Director: Guillermo del Toro
Writer: Guillermo del Toro, Travis Beacham
Cast: Charlie Hunnam, Idris Elba, Rinko Kikuchi, Charlie Day, Burn Gorman, Max Martini, Robert Kazinsky, Ron Perlman, Diego Klattenhoff
In the future huge monsters – kaijus – have started to rise from the sea. To defend themselves humanity has developed huge robots – jaegers – that have to be piloted by two people at the same time, for which they need a certain neurological compatibility. One of these pilots is Raleigh (Charlie Hunnam), who lost his co-pilot and brother and has since retired. But he gets re-recruited by Stacker Pentecost (Idris Elba) who plans a last ditch effort to keep the monsters at bay before the jaeger program is disbanded.
I was disappointed by Pacific Rim. With all the positive reviews and buzz the movie gathered (and Guillermo del Toro at the helm), I’m afraid that my expectations were just way too high.
Here are the things I did like about the film. I loved Mako (Rinko Kinkuchi), especially in the beginning, when it was mostly about her relationship with Pentecost [unfortunately the whole thing starts to break down a little towards the end – see also this analysis]. Idris Elba was great. I enjoyed Gottlieb (Burn Gorman) and Newton (Charlie Day). I loved that the way Max Martini pronounced his character’s name – Hercules Hansen – it sounded like Hercules Handsome, which basically perfect. Ron Perlman was perfect, too.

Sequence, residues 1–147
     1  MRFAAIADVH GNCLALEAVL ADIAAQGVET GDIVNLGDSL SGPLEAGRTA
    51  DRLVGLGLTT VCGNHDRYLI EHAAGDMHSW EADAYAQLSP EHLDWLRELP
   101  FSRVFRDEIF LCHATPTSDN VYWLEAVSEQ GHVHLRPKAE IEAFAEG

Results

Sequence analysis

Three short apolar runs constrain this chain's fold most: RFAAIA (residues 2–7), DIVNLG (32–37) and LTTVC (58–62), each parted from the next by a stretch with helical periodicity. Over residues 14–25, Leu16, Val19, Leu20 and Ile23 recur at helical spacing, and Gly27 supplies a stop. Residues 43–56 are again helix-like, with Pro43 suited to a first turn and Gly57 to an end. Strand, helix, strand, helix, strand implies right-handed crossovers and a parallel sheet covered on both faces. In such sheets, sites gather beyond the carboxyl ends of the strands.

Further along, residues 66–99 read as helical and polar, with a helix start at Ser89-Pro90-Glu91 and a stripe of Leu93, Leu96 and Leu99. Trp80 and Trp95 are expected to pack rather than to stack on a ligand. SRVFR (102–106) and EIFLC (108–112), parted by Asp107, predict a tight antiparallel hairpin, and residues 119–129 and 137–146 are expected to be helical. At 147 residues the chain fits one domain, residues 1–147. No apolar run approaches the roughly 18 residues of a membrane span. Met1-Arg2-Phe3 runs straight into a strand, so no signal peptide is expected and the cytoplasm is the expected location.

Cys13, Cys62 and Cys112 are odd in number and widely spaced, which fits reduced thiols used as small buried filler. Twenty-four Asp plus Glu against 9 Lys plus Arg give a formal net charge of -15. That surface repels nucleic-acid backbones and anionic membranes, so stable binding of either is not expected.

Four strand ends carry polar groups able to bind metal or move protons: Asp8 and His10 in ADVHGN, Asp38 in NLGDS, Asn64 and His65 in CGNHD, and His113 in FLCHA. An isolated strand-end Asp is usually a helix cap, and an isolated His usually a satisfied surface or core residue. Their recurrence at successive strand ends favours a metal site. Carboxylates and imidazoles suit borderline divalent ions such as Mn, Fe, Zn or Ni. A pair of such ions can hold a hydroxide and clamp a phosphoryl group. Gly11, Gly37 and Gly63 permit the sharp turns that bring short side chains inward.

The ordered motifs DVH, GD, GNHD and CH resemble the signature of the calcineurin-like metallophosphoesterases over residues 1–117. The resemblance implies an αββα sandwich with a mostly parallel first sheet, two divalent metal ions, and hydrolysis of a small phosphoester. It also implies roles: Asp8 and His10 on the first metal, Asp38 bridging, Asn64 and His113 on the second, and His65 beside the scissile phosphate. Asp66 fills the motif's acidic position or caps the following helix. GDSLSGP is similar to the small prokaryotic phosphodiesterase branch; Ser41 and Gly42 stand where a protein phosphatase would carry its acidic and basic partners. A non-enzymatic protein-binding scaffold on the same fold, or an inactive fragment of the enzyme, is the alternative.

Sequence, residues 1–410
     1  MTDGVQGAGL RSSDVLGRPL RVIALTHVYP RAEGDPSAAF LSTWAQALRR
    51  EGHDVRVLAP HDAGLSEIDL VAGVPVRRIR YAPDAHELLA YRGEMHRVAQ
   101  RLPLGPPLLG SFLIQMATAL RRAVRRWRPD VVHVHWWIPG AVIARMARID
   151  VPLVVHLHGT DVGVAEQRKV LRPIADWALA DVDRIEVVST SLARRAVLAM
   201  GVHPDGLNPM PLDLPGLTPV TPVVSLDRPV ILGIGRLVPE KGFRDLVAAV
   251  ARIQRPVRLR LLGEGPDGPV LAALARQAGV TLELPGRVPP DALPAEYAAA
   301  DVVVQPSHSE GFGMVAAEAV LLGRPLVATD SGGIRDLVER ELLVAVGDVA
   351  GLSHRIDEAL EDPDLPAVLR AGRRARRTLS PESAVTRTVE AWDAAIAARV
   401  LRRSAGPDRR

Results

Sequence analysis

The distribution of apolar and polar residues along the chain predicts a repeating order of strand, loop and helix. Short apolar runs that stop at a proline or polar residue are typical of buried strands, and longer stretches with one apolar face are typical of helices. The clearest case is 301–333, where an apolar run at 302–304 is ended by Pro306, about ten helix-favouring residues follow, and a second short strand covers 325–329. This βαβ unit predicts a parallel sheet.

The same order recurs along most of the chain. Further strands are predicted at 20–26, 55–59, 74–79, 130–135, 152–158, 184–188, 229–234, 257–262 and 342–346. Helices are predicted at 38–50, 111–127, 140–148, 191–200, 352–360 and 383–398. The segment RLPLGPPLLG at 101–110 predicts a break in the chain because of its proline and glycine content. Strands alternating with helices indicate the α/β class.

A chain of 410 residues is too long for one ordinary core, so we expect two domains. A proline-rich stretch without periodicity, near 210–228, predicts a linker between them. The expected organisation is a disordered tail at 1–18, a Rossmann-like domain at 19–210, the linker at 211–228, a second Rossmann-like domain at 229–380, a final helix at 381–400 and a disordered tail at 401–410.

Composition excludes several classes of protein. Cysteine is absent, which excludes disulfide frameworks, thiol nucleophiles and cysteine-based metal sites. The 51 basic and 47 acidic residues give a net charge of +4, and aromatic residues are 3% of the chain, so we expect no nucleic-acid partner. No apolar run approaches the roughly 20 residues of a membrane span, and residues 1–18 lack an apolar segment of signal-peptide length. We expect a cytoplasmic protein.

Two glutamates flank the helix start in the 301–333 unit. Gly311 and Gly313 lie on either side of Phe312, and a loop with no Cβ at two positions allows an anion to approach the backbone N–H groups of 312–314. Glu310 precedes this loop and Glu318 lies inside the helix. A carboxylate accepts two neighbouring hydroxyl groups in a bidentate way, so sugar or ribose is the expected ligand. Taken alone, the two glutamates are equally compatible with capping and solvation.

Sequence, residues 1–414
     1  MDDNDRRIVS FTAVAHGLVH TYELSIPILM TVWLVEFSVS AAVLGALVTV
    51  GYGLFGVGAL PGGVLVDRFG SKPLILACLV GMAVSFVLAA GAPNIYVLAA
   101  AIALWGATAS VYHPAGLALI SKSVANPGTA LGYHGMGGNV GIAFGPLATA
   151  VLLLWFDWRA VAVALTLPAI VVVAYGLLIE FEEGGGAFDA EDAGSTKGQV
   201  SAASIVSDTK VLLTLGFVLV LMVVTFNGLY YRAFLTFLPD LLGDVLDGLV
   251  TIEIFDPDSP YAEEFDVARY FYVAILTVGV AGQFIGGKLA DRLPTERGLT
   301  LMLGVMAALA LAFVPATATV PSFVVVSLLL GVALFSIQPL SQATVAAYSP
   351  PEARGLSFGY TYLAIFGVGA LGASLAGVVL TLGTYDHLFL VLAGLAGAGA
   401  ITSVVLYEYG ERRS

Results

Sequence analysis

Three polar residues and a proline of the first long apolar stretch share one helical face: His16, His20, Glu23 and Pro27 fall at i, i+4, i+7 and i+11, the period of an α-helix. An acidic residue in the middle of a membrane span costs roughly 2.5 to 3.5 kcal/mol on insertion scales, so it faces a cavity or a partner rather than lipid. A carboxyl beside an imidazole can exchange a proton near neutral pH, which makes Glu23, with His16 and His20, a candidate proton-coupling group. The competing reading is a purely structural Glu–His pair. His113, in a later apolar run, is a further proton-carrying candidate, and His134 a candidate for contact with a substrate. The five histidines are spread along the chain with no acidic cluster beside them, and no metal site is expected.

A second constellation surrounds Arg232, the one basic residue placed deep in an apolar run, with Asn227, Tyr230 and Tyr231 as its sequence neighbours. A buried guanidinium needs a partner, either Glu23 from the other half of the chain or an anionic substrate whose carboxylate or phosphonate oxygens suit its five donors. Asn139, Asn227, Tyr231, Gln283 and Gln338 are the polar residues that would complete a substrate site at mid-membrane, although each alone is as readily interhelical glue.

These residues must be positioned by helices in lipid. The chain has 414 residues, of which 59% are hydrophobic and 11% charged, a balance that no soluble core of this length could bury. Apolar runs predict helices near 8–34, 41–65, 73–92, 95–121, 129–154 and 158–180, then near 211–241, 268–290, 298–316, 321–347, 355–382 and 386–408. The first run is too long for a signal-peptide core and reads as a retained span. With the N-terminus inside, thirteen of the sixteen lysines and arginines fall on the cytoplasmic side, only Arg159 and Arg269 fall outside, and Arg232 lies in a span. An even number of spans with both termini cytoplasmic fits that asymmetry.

And I liked the idea of drifting and needing two people to operate one thing and that they needed to be in tune (reminded me of Embassytown). But honestly it didn’t make a whole lot of sense. One of the first things they say is that it needs shared memories to really work (Raleigh and his brother), but then it also needs a neurological connection (Raleigh and Mako) and then it just needs the plugs because obviously Newton has no problem connecting with the kaiju. A little more consistency would have been good.
The CGI and the action was pretty cool, but I have to admit that when the film entered his second hour, I had seen enough robots fight monsters. I just couldn’t get that excited about it. If there had been a little more substance and a little less fighting, I might have not been so bored by the end.
And it was absolutely irritating that the jaeger pilots were such walking clichés. The Russians were basically a meta-study of every Russian movie gangster ever. The Chinese are so little individual that they manage to drift in threes, instead of twos. Because we all know that they are all the same, amirite? And that the two actual protagonists in such an international world were, of course, two white dudes. And not only that, two white dudes who looks so much alike – Charlie Hunnam and Robert Kazinsky – that when Kazinsky first showed up, I was completely irritated how Raleigh could be in two places at once.
There was just too much that didn’t work for me that I could really like the film.
Summarizing: If the idea of a CGI-robots-monsters-fight-fest excites you, go for it by all means.